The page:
The topline should be straight, not dipping or sloping off to the tailset.



These should be well muscled, with good but not overdone turn of stifle.

The Labrador should have a well muscled second thigh, and well let down hocks.

When viewed from behind, the hocks should be straight. Hocks that turn in "Cow Hocks" are considered a serious fault.

Incorrect hind angulation will not supply the power to thrust the body forward.

Powerful hind limbs should look as if they are pushing the ground behind them.


Coat and Tail

These two are the most distinctive features of the Labrador, and they are related.

It is the correct clothing of tail that gives it the thick otter-like appearance.

There should be no feathering on the tail, it is thick at its base and narrows to the tip.

There is no detailed mention of tail length, medium length is stipulated.

However a tail that is too long or too short gives an unbalanced look.

A tail that reaches to the hock is more pleasing.

We prefer the tail to be carried on a line with the back, a tail carried higher is allowable but one curling over the back is a fault.

The coat should be short dense and feel hard to the hand.

When the coat is turned back it should reveal a soft, thick weather resisting undercoat  covering the skin.

This can be a shade lighter than the topcoat, many a good black has quite a mousey  coloured undercoat.

I have also had blacks and chocolates, who have had the bottom one third, nearest the body, of the outer coat white.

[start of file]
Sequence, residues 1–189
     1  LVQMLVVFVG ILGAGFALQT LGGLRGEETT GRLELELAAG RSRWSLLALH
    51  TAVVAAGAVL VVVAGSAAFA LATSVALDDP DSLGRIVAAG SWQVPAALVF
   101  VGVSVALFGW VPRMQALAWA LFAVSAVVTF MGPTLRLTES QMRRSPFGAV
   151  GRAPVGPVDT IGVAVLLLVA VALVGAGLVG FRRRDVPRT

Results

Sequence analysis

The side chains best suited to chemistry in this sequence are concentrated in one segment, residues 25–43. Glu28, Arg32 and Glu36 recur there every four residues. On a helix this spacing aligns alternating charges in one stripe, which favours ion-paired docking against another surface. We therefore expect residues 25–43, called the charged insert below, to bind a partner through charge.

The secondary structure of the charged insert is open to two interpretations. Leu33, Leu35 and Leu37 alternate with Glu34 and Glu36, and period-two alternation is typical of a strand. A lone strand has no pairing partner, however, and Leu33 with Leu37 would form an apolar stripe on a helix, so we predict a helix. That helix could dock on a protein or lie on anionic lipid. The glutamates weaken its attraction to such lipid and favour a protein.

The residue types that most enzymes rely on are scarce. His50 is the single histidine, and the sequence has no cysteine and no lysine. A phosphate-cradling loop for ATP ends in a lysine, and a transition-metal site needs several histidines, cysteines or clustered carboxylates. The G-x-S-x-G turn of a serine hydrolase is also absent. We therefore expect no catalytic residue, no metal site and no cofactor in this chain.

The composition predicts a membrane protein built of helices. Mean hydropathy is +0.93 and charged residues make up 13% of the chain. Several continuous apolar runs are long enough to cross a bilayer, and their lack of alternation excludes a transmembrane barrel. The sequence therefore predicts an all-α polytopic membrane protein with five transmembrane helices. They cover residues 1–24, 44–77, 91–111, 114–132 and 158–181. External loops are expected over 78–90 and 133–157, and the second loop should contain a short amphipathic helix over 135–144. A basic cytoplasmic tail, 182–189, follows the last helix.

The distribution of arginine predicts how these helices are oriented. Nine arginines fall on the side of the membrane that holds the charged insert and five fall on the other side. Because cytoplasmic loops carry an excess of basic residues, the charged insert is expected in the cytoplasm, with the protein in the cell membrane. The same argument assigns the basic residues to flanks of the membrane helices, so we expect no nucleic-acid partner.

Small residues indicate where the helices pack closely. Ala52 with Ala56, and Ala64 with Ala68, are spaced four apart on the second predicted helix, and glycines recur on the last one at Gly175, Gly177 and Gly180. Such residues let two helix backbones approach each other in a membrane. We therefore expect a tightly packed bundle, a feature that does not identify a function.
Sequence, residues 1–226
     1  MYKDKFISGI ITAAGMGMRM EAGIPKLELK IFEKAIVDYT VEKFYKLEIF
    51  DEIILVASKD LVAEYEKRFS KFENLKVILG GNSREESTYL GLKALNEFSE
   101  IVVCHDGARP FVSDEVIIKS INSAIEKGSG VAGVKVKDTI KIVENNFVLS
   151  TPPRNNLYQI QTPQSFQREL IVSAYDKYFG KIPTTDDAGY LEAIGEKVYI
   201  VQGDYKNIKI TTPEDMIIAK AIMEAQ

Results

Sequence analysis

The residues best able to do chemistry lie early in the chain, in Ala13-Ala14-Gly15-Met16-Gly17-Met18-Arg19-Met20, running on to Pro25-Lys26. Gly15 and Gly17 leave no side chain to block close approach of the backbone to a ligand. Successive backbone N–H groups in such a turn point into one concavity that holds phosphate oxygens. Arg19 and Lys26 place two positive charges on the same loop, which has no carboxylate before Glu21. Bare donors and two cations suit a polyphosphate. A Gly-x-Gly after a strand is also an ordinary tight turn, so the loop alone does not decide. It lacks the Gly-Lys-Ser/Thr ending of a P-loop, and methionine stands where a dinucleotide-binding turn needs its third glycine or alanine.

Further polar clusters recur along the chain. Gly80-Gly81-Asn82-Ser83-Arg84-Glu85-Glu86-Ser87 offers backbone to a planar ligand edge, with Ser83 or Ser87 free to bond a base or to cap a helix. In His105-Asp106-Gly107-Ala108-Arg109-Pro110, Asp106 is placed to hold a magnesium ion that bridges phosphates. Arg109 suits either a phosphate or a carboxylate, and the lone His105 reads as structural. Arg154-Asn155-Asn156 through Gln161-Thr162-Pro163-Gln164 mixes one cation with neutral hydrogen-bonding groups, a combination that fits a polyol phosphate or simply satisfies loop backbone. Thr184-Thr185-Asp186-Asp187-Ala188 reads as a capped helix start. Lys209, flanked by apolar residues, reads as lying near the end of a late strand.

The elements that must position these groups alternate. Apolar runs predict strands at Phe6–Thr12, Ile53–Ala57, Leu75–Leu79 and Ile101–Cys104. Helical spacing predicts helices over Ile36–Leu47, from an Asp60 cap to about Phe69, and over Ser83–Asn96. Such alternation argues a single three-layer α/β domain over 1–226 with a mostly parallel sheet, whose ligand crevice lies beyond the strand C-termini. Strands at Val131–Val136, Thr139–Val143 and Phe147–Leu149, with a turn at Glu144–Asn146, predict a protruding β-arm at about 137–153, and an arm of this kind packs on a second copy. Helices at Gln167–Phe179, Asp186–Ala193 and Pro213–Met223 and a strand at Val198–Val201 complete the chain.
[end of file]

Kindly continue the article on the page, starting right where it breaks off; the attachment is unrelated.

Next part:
A soft coat would be of no use to a Labrador, as it soaks up the water, so this fault must be penalised.



The coat colour in a labradors comes on 3 colours, black, chocolate (liver) and yellow.

BLACKS  A black with small white patch on the chest permissible.

Many Labradors are born with white pads behind the ankle, especially in the front feet.

These are nicknamed "Bolo-pads" after Dual Ch Banchory Bolo, and most serious breeders quite like them, and would not penalise them when judging.

Eye colouring should enhance the coat with brown or hazel preferred.


YELLOWS  This term can cover any colour from light-cream to fox red, with variations in the shading on ears and coat.

What is objectionable is the dark mask that some yellows have over the muzzle.

It tends to give a hard untypical look to the head.

Again a small white spot on the chest is permissible. Eye colouring should be the same as the blacks, with black or brown pigmentation on eye rims and nose.

The nose fading to a pinker colour in winter weather is not serious.


CHOCOLATES  Shades do vary from light milk to dark chocolate, to my mind the darker shades with good eye colour are the most attractive.

Again the eye colouring must enhance the coat colour.



Movement in a Labrador should be free and effortless  if constructed correctly a dog will move correctly.

A Labrador should move truly coming or going. When coming towards you, one should not see a dog that is out at elbow, or toeing in and only the front legs should be visible.

When going away from you only the rear legs should be visible with the hocks flexing well and doing their job of propelling the dog forward.

The movement fore and aft should be neither too wide or too narrow. Some convergence at speed is normal.



The standard allows leeway and an experienced judge will put up a good dog if it is below or above the "desired" height as long as the animal has overall balance.

To sum up I quote from Mary Roslin Williams. "A typical Labrador looks like a Labrador and nothing else.

If he reminds you of any other breed he is not typical."


Carole Coode (Warringah Labradors)